Next up: Generating characters II
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[edited for clarity]
The entirety of this monster is hereby designated as Open Game Content via the Open Game Licence.
The Chaos TurkeyThis benign overseer of the farm yard, is a feathered beast resembling the common turkey. This unique creature walks around among the other animals, sometimes suddenly snacking on some of the smaller animals like rats and rodents. Equipped with a peculiar sense of humour, animals with long ears (say, like a donkey) will sometimes find themselves the butt of the cruel jokes of the Chaos Turkey. Those poor animals will have their long ears pulled by the fowl-like beast which then jumps away gleefully with a shrill sound like laughter.
The most astonishing ability of the Chaos Turkey, though, is its ability of telekinesis. When larger animals like horses and cows fall over, like they are prone to do, this beast show a gentler side. It will use its psychic power to carefully help the quadrupeds to get up on their feet again.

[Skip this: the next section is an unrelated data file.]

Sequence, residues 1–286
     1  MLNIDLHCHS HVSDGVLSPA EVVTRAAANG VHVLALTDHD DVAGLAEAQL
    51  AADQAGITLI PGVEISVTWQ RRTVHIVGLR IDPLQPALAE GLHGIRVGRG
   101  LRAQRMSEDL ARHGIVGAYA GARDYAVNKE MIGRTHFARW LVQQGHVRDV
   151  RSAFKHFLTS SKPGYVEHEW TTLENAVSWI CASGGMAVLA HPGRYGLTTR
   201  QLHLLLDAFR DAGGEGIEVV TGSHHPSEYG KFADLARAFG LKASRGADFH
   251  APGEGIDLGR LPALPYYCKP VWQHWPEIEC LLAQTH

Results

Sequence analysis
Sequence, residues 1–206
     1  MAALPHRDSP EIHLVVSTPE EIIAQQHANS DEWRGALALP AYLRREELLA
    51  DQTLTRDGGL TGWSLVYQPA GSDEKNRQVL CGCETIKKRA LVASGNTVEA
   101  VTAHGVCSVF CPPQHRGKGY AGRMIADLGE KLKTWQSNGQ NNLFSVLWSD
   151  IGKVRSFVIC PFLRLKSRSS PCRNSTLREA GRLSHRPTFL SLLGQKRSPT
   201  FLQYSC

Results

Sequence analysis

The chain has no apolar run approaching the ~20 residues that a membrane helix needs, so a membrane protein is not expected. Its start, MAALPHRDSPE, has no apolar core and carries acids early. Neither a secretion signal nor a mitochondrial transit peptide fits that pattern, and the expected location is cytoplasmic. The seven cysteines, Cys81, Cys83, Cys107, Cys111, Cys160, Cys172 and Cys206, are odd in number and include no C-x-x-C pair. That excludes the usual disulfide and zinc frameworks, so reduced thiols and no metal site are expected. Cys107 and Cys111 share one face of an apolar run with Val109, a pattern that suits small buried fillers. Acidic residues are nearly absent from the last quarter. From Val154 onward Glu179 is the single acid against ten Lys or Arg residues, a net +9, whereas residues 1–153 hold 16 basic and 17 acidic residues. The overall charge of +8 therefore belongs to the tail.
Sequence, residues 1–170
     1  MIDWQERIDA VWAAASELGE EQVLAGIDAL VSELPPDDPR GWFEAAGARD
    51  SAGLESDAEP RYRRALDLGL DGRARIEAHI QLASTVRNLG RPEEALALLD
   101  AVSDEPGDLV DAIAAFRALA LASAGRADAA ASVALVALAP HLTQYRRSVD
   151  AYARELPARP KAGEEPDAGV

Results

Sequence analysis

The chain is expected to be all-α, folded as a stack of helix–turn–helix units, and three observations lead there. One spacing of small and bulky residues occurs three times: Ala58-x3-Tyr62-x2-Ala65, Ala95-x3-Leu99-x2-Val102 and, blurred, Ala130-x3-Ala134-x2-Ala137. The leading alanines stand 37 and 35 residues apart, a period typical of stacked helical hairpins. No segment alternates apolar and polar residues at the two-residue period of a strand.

When attacked, the fowl will use its telekinetic powers to throw attackers aside, and otherwise hinder their advance.
Swords & Wizardry stats: One random attacker will be telekinetically disengaged from action, or dropped from high altitude with a roll of 1-2 on a d6. Chaos Turkey: HD 3+1; AC 5; Atk 1 beak (2d4); Move 12; Save 14; CL/XP 3/120; Special: Telekinesis, 33% chance.
End of Open Game Content
Tunnels & Trolls stats: MR: 65 Special Ability:2/Fly Me - attackers will be telekinetically moved out of combat, and might be tossed aside and be damaged. Tunnels & Trolls is trademarked by Flying Buffalo Inc and used with permission.
Wednesday, September 16, 2009
Having just read, and chuckled a bit about, the latest post on Grognardia about silly names, I think back on my attitude towards my own characters. How do you approach the creation of a new being in the imaginary worlds? Do you toss some dice and tack on a jokey name and then rush head first unto glory and death? An experience with one of the CD based products from the late TSR illustrates my attitude well.